It would be a long night.
"Are you alright?" The expressed concern was nothing out of the ordinary, especially when presented to a bleary-eyed and down-trodden Bren.
He knew he looked the worse for the wear-- like he had been up all night researching something of dire importance, or finishing up a project that could not be put off any longer. He had no such excuse, though, only his screaming thoughts refusing to let him sleep a wink. Usually, it wasn't that bad, but a covered pot eventually-- always-- boiled over. So, it was no surprise at all that Tabini voiced his inquiry.
"I'm fine," Bren assured him, giving a small nod. He had just finished a meeting in which several, mundane political issues were discussed back and forth between equally stuffy, monotone individuals. Of course, with his lack of sleep and personal disinterest in the subject matter, Bren tuned in and out and caught, if he were lucky, half of the comments thrown about. Fortunately, it was all everything he had heard before, and he easily responded to the matter with the same, formulated response he had before. Nothing new, nothing interesting, nothing inspiring.
Then he had left and, moments later, been approached by Tabini, who was uncharacteristically alone. He came with the reasoning that Banichi approached him earlier, saying that Bren looked worse for the wear, but would say nothing about what was bothering him. Of course Bren would talk to Tabini about it; he couldn't deny a request from the aiji.
"Did you sleep well last night?" It looked as if the human hadn't slept at all, though there was something about him that hinted at more than a mere restless night. He still had yet to completely figure Bren out-- humans in general, really-- as much as he tried. Normally, he would dismiss it, but today it seemed as if understanding the much shorter, much paler being was necessary.
"I didn't." Lying to the aiji-- to Tabini-- was absurd. Besides, he would find out anyway, as if the answer weren't already obvious enough. "Just restless." Alright, so perhaps Tabini didn't need to know everything.
"Is this common for you?" For you; for humans is what he really meant to ask.
"No," Bren answered shortly, not wishing to delve into the train of thoughts he had banished from his mind after great difficulty. He thought the bits and pieces that he had caught of his recent meeting was the only thing that kept him from withdrawing too far into himself. And what good would he, the paidhi, be if he didn't wish to communicate?
"What's troubling you, Bren?"
The clear familiarity of his name, spoken by Tabini, set a tension he wished he didn't feel. Guilt, perhaps, at being so secretive. After all, no one was secretive with the aiji, if the aiji didn't wish them to be. Tabini was asking him to open up, to talk-- something that wasn't quite customary. No, not at all. So what did he do? He blocked it out. What a genius.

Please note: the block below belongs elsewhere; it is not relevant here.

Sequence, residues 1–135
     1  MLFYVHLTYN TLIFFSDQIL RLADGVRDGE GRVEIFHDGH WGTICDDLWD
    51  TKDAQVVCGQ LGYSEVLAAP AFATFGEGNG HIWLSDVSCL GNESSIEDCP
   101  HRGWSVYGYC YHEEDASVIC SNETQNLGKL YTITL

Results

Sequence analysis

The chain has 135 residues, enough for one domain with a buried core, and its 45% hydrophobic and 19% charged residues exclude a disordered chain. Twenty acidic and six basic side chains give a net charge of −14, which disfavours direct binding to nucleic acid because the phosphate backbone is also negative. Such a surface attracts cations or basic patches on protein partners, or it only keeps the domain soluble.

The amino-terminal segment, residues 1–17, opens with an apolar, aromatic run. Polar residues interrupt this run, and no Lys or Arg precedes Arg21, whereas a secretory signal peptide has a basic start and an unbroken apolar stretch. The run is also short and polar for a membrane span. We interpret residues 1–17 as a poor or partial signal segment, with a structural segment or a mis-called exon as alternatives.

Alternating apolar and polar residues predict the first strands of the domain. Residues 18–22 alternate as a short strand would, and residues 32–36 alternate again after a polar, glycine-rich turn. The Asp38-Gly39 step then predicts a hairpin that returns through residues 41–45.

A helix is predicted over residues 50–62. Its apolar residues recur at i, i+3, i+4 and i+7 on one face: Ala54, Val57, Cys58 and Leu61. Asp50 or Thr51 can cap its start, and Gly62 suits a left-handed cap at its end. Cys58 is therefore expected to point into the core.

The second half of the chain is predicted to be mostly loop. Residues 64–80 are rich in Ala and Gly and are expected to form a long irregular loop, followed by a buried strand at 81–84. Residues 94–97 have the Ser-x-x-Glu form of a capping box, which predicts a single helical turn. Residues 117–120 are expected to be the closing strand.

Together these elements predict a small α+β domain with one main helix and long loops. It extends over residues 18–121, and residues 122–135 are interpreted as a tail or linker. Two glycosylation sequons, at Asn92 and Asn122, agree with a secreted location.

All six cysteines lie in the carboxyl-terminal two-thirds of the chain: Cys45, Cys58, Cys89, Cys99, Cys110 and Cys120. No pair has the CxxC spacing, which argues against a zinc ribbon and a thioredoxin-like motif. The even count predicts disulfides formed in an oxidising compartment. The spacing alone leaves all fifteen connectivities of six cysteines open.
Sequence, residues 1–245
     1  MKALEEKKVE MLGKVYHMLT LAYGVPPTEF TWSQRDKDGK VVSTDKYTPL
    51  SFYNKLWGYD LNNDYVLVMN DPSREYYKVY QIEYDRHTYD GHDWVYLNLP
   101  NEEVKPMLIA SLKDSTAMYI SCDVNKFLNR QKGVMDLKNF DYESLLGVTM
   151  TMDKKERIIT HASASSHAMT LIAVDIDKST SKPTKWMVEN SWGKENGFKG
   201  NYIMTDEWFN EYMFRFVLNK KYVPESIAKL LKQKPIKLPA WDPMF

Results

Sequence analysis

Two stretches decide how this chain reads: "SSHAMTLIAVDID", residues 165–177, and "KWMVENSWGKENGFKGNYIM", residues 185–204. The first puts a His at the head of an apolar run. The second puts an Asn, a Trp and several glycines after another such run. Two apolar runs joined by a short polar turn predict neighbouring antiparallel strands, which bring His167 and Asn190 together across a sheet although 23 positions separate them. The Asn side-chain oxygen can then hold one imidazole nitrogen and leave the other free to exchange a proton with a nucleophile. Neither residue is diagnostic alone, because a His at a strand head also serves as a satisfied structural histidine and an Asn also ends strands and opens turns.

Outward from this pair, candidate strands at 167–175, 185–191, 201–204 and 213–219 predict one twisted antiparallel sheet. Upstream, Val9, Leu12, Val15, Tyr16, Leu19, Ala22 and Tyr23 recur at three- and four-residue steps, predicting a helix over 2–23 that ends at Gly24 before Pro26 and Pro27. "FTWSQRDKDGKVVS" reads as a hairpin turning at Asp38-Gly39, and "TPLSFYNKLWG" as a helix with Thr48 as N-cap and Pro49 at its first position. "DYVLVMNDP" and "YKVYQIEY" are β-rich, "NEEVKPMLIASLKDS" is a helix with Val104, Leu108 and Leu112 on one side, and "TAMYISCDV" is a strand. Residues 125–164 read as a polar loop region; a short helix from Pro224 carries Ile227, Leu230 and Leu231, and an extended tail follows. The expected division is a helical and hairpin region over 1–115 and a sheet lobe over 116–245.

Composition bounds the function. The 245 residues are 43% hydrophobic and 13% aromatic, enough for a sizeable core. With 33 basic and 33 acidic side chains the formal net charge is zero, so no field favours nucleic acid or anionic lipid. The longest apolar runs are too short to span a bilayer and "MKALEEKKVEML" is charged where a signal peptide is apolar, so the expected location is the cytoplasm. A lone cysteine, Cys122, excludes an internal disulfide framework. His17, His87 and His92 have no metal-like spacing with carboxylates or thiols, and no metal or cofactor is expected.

"It shouldn't be your concern, aiji-ma." That was the best response he could give, maintaining the delicate balance between tactful declination and meaningful avoidance.
"And why shouldn't it? If my paidhi is acting strangely, is that not reason for concern?" He had a point, he knew he had a point, and Bren knew it, too. Normally, he wouldn't play these games because simply demanding the answer was always enough to elicit the desired response. Bren was troubled, though-- it was obvious by the look on his face. In fact, even for Bren, a serious change of facial expression was reason for concern; he had done well to mimic the atevi in that aspect, quickly and apparently easily. Only when he was seriously troubled did his mask slip away.
"Yes," the light-haired man murmured. He knew he was testing his limits with Tabini, but it was difficult to vocalize exactly what he had been thinking about all last night. What was he? To Tabini, to the atevi, to himself. He didn't know any of it. He doubted the aiji could answer most of his questions, but the ones he wanted to ask the most were the ones concerning Tabini himself. That in itself confused him, but that would have to be saved for another sleepless night.
"Well?" They had been walking for quite a while, and not at the slow pace that such a delicate conversation usually dictated. No sooner had he finally broken through the crumbling walls Bren attempted to construct than they reached his bedroom door. He knew, at the very least, the human would likely use such an excuse to escape from the question, but his presence demanded that the paidhi answer his concerns.